Thanks for sharing your experience and insights again!
Please don’t get me wrong, I really admire your braveness and enthousiasm and really respect what you are doing. But I am curious why you take such a big risk on your niche websites creation. When I started I first made sure that my approach really worked before I scaled up. If you are not sure what exactly you are doing and what works and what does not work (although the game rules change all the time by Google algo updates) it is quite risky to scale up immediately and start working with an VA. Why don’t you take some more time to learn and sharpen your approach before you scale up?
Tom Ewer says
Your comment could not be more timely. Stay tuned for a post I am publishing today, and another one either this week or next week. I’d really like your feedback on them (but in a nutshell – I totally agree with you).
Your a brilliant writer but I don’t see enough affilate links on this site. I honestly believe you are under monetizing this site. Your posts are excellent. You now have 10,000 visitors(last month) and your readership is going to continue to grow through word of mouth. I am wondering why you don’t have a recommended products section.
Still your online income is growing and I have no doubt it will grow as you continue to add valuable content in the future.
I look forward to more posts,
All the best
Tom Ewer says
Better to under-monetize than over-monetize, in my opinion 🙂
The last thing I’d want to do is taint my reputation by being overly promotional (or promotional at all really, for that matter).
Having said that, I will be doing a bit more in the future, some webinars, more affiliate links…but it has to all be for products that I have tested and loved. A recommended products section is probably something I will produce in the near future.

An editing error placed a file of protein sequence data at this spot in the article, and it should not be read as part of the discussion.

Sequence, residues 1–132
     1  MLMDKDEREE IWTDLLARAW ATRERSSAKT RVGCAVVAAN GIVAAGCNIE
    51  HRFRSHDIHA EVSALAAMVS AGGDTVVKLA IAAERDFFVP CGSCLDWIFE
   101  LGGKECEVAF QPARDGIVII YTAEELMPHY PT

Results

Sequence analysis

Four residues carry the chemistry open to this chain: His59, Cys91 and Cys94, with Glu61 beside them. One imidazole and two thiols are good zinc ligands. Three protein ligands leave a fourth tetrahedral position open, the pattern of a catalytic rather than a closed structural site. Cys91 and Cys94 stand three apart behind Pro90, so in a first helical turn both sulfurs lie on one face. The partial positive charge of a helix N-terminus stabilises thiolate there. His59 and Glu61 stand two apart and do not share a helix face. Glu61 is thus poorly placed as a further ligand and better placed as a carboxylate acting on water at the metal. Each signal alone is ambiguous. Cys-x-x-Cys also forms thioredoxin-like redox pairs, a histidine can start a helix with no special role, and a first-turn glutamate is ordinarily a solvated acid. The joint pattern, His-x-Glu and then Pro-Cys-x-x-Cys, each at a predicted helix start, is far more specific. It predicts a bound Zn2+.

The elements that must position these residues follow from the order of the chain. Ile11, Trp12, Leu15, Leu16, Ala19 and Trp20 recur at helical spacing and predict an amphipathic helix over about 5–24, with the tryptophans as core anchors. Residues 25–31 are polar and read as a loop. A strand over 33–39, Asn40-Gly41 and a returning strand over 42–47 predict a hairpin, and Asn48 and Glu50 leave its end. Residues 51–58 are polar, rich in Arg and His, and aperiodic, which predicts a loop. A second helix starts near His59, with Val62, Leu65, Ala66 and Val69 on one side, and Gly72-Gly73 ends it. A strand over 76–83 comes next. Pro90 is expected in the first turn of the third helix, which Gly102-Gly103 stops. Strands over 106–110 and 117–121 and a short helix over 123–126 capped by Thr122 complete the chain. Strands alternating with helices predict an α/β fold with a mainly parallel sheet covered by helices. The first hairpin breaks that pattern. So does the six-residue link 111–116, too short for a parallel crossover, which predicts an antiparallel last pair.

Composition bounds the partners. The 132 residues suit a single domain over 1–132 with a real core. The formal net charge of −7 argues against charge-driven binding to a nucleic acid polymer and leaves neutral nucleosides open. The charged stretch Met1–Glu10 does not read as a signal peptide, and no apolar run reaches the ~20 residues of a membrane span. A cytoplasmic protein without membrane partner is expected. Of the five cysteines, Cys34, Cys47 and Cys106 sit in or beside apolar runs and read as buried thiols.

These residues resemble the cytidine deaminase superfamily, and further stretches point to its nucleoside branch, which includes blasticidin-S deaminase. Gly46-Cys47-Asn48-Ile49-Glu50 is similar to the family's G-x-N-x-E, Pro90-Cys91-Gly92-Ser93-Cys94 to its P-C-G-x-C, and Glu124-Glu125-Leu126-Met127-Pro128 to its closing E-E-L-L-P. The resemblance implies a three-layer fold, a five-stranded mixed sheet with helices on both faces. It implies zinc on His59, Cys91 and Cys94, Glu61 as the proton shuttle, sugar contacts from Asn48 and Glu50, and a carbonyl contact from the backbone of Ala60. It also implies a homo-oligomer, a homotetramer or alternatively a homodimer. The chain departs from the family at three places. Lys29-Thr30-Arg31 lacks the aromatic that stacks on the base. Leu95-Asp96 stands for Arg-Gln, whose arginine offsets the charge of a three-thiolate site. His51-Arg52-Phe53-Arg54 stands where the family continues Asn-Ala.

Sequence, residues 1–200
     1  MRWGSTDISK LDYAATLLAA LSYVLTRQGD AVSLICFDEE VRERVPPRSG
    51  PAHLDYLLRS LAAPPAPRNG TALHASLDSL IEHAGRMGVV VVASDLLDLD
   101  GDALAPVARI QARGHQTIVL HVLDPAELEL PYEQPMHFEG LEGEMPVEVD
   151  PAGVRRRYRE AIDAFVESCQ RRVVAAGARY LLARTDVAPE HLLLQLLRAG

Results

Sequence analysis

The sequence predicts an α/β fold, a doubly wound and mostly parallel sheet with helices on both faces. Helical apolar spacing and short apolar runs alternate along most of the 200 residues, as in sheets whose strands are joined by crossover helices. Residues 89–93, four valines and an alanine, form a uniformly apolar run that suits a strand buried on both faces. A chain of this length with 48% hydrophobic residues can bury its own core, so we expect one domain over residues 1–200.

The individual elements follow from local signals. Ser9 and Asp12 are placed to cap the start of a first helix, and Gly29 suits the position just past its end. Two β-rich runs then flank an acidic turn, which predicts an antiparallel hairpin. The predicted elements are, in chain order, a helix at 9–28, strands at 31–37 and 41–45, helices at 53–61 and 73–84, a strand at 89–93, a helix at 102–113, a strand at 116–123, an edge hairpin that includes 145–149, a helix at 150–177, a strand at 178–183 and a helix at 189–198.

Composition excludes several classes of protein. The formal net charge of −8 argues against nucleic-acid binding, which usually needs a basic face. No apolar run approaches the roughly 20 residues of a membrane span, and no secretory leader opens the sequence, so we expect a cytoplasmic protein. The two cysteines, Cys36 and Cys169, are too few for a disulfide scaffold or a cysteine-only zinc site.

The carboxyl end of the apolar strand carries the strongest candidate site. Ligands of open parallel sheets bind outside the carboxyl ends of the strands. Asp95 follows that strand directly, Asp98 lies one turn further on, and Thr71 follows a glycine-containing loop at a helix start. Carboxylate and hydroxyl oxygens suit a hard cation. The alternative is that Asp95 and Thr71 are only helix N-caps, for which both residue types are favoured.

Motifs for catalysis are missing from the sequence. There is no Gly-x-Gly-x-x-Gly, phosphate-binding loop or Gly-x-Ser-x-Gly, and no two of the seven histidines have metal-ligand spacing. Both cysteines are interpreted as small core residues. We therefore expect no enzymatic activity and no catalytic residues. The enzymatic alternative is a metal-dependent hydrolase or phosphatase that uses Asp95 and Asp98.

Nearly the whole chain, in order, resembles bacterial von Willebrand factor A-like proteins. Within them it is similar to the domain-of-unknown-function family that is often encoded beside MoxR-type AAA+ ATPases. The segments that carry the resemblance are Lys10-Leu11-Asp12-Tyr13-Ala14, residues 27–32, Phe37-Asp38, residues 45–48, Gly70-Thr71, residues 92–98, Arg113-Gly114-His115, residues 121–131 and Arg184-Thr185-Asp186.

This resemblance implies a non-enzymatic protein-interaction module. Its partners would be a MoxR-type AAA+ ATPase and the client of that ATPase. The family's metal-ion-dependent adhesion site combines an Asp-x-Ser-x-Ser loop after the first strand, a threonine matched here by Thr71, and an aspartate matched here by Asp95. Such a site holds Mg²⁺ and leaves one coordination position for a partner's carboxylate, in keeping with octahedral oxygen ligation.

Thank you for your kind words 🙂
William Kennedy says
I have been following your blog for a while and I like what I see. Your honesty shines through in your writing and I think it is only fair that you receive an income for the brilliant posts on this site.
I can tell you I am learning a lot from your posts(and I am a trial and error kind of guy).
Keep up the good work.
Look forward to your next post
Tom Ewer says
Thanks William; you are very kind! 🙂
Cashjay@ make money online free says
Wow, you are doing great, and since am still new to freelance writing. What exactly is it? You write for others and get paid? What sites? Thanks.
Tom Ewer says
I write for other blogs, yes. My “steady” clients are WPMU.org and ManageWP, but I have others.
Interesting and informative post (as is your site).
I have been looking into outsourcing my link building. Having tried Freelance.com, PPH, Odesk etc… not sure what to do! I am considering hiring someone myself and training them up. The trouble is no one works on your company as hard as you do! I had a look at fivrr and VA. Fivrr looks full of low quality people (I might be wrong). As for VA I am not convinced – i.e. are they really that good? Is the initial fee justified based no your experience with your VA quitting do you not feel a little annoyed/ripped off? – I found my current coder through Odesk and have been training him to improve the quality of his work since December. He is currently learning about Magento for my new retail website 🙂 Now I am at the stage where I have someone who is working to my standard and I am considering whether to have him help with a link building strategy or to look for someone else. The problem is I could probably earn more money getting him to maintain my sites and selling his services…. Decisions, Decisions!!
Tom Ewer says
Check out the two most recent posts here – they might help!
jamb results 2013 says
this numbers are staggering, am still builbing up my sites and hope to write my income report someday.
congratulation and thanks for sharing.
Ana Hoffman says
I suck at setting goals – too much disappointment when they are not met. lol
Overall, great work, Tom!
By the way, you were featured in Make Money Blogging – Who, How, and How Much http://t.co/iTF0BenM on my blog.
Tom Ewer says
Wow – thank you Ana! Two mentions in a few days…you’re too kind 🙂
It seems that we’re both being told we’re not making enough money from our blogs (well, I’m not actually making any…). I’d much rather it be an organic thing than “forced” though.
Margaret Adams says
I think it is so helpful to see how you’re moving your business towards profitability. I read your reports each month.
Leaving Work Behind says
Thanks Margaret 🙂